Financial giant Goldman Sachs has received lots of attention recently for its headquarters at 200 West St. New York Times architecture critic Michael Kimmelman waxed poetic about the building’s glass canopy by Preston Scott Cohen. The canopy, said Kimmelman, “elevates what is really just a gap between two buildings into something almost as inspired as the nave of a great Gothic cathedral. That’s the power of architecture.” Or, in this case, the architecture of power.
The latest, and more critical, take on Goldmans’ HQ by Times writer N. R. Kleinfield outlines the firm’s impact on the surrounding area which at the time of the buildings completion in 2009, was short on shops and restaurants. So using its $1.65 billion in Liberty Bonds plus $115 million in tax breaks, Goldman just created a neighborhood in its own image.
The hanging gardens inside the atrium of Jean Nouvel’s 100 Eleventh Avenue sound idyllic: “From planting boxes built into the structure, trees soar upward and plants cascade down the walls, lending their scent to the atmosphere,” states the building’s website. But the smell may not be so sweet. A source familiar with the project told AN that the huge suspended planters lack proper drainage, leading to standing water and the early onset of rust. Maybe Nouvel can argue that he’s taking a cue from the Cor-ten laden High Line next door?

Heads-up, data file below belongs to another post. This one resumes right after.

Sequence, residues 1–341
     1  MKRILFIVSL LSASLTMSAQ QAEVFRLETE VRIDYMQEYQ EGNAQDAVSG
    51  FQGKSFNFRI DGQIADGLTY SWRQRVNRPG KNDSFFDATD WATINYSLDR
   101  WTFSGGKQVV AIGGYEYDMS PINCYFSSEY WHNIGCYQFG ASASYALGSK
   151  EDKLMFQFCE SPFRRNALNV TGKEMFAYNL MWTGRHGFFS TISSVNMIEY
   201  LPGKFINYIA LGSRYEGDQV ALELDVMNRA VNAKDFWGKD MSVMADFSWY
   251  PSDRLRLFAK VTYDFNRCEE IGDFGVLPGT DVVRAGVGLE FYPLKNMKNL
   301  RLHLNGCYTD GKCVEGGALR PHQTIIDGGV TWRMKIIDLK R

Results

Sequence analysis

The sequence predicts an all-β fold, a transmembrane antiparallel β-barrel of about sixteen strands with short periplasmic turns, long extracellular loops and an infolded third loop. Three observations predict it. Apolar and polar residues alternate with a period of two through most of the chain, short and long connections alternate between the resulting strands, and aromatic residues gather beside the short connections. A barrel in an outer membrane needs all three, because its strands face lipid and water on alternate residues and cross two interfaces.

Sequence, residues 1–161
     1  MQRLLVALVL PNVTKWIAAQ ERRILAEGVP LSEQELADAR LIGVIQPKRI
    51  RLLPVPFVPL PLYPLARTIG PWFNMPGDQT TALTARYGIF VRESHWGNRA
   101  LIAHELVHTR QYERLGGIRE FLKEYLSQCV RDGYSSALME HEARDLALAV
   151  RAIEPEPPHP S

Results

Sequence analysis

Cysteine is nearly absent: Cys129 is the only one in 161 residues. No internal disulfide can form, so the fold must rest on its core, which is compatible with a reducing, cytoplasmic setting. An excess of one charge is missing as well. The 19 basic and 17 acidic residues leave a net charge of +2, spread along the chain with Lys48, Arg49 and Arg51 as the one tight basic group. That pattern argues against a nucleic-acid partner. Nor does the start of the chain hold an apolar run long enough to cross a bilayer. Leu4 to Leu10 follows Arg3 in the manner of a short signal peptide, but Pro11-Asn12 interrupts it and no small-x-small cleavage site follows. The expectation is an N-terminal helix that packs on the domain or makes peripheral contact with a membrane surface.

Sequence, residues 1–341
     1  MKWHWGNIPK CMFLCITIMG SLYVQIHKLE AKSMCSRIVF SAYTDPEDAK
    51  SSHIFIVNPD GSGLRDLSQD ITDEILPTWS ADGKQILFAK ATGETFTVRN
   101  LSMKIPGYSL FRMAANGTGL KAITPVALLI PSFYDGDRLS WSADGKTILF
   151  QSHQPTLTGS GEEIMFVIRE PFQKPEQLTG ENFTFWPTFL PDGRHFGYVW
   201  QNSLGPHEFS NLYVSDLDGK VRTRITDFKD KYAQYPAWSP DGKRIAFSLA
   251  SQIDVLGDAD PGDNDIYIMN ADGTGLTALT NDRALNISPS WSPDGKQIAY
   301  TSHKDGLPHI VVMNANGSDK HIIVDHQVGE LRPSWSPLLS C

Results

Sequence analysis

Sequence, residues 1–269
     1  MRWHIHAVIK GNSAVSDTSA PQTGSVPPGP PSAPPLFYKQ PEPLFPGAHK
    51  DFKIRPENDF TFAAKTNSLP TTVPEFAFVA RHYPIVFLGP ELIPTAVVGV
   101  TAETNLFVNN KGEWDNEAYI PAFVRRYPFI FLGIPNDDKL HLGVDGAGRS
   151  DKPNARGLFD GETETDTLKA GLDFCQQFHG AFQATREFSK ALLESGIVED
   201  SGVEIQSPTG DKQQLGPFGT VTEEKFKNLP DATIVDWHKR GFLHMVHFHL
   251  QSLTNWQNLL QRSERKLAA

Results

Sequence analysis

The film My Architect, the story of Louis Kahn’s son on a mission to discover and understand his father, won over the hearts and praise of even the lay-est of architectural laypersons. The effects of which—a fresh spotlight on the work and life of a brilliant designer—did not fall on blind eyes. Tomas Koolhaas is making a film about his father, Rem Koolhaas—see the Facebook page!—called REM set to debut in 2013. It also appears from rough clips that the CCTV building in China will play a central role in the story. Awesome! We can’t wait to see this quaint little film about a humble and modest architect and his role in designing the media headquarters for political oppression and censorship in China. We’ll get the popcorn!